Posts Tagged ‘wild dogs’

Durian the cat liked to follow me around on the farm and tell me things. I will miss our conversations.

Durian the cat is dead. He was killed in his sleep the other night by a wild dog that crawled under the car where the cat was sleeping. The dog went for the cat’s throat, slashing its jugular, and the cat didn’t have a chance. It was dragged by the dog to the other side of the carport and left to die.

Durian was one of the many cats that lived at Farmer Margie’s farm. She and her husband Nick have taken to sleeping lightly, with one ear open for any sign of approaching wild dogs. Even in his sleep, Nick heard barking and went out into the dark night at 1:30 am to drive them away.

Outside, he heard a cat scream, searched, and found the lifeless body of Durian. It was a thrill kill. Those wild dogs had blood lust and killed just for the sake of killing. They might have come to kill chickens, and found the cat instead. They ran away when Nick came on the scene.

Those wild dogs were once somebody’s pets. Small, cute, pampered. Or maybe yappy, nippy and unmanageable. In any case, their owners decided they had enough. Why dump dogs out in the countryside instead of take them to the shelter where they can be adopted? Some people foolishly think that domesticated animals can “fend for themselves” if left to run loose.

And they are partly right. Wild dogs do learn to fend for themselves. Their instincts kick in and they kill. Rats, possums, chickens –and cats. Sometimes to survive, and sometimes just for the thrill — the sheer wild crazy excitement of tearing a victim animal apart.

The killings at Bee Heaven Farm started a few years ago, and increased in the past several months. In an earlier attack back in October, wild dogs tried to get at chickens that live inside a mobile coop called a chicken tractor, but the dogs didn’t succeed. Farmer Margie lost dozens of chickens in similar previous incidents this year and last, and as a result egg production is way down. Animal deaths on the farm are not only heartbreaking but also have an economic impact.

But dog dumpers don’t think about the effect their heartless act of shoving an animal out of a car will have on others. Margie is not the only one to suffer losses this year. Her farm manager Sadie wept when wild dogs killed her pregnant pig, right in broad daylight. She tried to run them off but it was too late. In fall, Hani Khouri the cheesemaker had dogs attack several pregnant goats. The does survived the attacks, but later gave birth to stillborn kids. Hani was upset and heartbroken for days. I’m sure there are plenty other attacks that happened in Redland this year that I haven’t heard about.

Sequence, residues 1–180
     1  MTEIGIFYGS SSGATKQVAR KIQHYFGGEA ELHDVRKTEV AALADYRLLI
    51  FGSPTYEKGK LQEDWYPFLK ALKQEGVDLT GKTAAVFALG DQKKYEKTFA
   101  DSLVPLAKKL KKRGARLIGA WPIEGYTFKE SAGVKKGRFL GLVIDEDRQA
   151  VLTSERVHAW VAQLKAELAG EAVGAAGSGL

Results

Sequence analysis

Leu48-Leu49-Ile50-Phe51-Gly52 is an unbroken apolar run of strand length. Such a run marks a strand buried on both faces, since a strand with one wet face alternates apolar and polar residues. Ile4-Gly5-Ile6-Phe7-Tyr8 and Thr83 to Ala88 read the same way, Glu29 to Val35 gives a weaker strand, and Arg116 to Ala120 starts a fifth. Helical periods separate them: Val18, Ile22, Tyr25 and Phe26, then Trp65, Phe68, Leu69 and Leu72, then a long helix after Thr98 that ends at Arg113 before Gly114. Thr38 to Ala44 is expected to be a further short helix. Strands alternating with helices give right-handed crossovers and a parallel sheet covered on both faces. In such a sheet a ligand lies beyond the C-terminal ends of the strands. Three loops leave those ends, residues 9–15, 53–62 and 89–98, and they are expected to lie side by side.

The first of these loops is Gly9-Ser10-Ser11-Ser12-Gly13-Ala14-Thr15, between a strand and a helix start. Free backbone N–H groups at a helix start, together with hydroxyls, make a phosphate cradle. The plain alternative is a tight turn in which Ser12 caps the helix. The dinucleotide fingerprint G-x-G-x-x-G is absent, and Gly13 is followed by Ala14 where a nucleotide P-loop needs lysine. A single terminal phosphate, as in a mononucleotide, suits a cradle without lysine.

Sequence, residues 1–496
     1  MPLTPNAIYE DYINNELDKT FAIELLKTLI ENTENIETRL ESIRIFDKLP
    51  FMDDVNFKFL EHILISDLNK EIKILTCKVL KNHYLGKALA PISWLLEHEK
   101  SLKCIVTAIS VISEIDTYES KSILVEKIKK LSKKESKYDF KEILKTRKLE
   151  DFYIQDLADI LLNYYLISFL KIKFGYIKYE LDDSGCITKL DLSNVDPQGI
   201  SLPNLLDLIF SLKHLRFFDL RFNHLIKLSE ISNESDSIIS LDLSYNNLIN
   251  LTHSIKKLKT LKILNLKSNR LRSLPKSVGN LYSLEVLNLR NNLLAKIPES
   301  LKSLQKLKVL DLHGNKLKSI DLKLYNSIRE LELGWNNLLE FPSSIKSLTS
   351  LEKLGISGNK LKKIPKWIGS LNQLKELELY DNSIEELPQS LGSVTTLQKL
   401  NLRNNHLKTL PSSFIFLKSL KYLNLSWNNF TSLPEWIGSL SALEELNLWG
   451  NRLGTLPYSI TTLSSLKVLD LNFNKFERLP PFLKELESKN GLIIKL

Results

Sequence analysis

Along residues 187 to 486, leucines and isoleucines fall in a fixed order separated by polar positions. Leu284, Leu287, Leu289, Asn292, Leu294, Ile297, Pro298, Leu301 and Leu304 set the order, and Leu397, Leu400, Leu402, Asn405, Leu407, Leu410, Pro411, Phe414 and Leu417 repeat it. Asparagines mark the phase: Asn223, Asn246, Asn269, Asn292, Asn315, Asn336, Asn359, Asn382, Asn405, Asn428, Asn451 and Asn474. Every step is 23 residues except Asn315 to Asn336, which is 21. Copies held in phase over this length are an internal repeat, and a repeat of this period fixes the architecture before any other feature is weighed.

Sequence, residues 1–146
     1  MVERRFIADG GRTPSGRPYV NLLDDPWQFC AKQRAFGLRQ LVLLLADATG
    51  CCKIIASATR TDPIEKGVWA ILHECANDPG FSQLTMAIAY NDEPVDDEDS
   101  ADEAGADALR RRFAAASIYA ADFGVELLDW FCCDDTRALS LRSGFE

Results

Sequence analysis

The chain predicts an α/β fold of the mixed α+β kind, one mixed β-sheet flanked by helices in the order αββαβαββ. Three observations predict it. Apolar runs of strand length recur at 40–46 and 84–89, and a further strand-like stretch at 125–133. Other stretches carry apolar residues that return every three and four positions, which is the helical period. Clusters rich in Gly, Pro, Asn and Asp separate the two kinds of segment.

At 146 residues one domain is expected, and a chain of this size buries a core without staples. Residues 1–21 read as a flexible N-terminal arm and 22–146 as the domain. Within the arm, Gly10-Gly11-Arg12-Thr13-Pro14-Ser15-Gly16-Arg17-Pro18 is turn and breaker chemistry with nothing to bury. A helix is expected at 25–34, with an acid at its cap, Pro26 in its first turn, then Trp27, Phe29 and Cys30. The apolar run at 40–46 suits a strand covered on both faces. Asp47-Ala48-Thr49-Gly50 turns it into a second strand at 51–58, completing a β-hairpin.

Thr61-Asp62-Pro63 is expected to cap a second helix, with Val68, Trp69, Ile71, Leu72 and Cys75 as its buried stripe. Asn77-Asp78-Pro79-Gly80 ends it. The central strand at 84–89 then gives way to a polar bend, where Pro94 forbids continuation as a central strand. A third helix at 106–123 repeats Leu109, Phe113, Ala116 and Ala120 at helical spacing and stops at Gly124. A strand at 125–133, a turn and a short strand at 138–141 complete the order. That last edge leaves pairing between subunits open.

Durian relaxing at home with his loved ones. Photo by Rachel Pikarsky.

It’s only a matter of time before a dog will lose its fear and attack a human. Farmer Tim Rowan had dogs menace him on his farm, more than once. Now he carries a gun whenever he steps out of his house to work in his field. Even I had a run in with two large dogs that wandered onto Bee Heaven Farm at dusk a couple years ago. I heard a deep throaty growl, turned and saw the dogs. I yelled and managed to run them off, but my heart was racing with fear, and I had dreams about the encounter for nights afterwards.

Next time a wild dog attacks — and there will be a next time and a next time — I hope and pray the victims are not animals I know. Durian was a sweet, much-loved pet, and was my animal friend, too. My heart grieves for his senseless death.

Read Full Post »

Feral dogs worked open this latch and managed to get inside the chicken tractor.

Last week Farmer Margie told me that feral dogs came on her property again and killed several chickens. Margie had heard her own dogs barking in the middle of the night, got up and went to investigate. She discovered that a chicken tractor closest to the road had been broken into by feral dogs. Four hens lay dead. The big golden rooster known as Fancypants (Margie’s daughter Rachel named him) was injured but survived.

There have been several chicken kills at Bee Heaven over the last three or four years due to feral dogs. They come at night through gaps in the fence, looking for something to eat — or kill. They smell chickens and are big and strong enough to somehow break in to the tractors, the portable metal coops that the chickens live in.  Several dozen chickens so far have been killed by feral dogs.

Bloody pawprints on the top of the chicken tractor.

The worst killing happened on January 16, 2009. Two large dogs (you could tell by the bloody paw prints) broke in to three chicken tractors and decimated about two dozen birds. Feathers and blood and torn chicken parts lay scattered in the front yard. Margie lost good birds that night: Goliath (that was my name for him), the large gentle Cuckoo Maran rooster, and Henita, the little black hen with black shiny feathers.

Feral dogs are the biggest reason why egg production is way down for the second season. There just aren’t enough hens at Bee Heaven to meet the demand for eggs. And it takes some time for baby chicks to grow up and start laying.

Feral dogs are also a huge, ongoing problem in Redland. I’ve heard stories about dogs killing chickens at other farms. At least one dog was spotted with a chicken in its mouth. It got shot. End of problem? Not really.

These feathers are all that’s left of a chicken killed by dogs.

The problem continues as long as people keep dumping their unwanted dogs in farm country. What are they thinking when they do that? That someone will magically take in and care for the now-discarded family member? Not likely, and dogs go feral and become hard to catch. They run in the night killing chickens and other animals to survive. Is this what the owners want for their once beloved pets?

Read Margie’s post Requiem for a rooster at Bee Heaven Farm’s blog.

Read Full Post »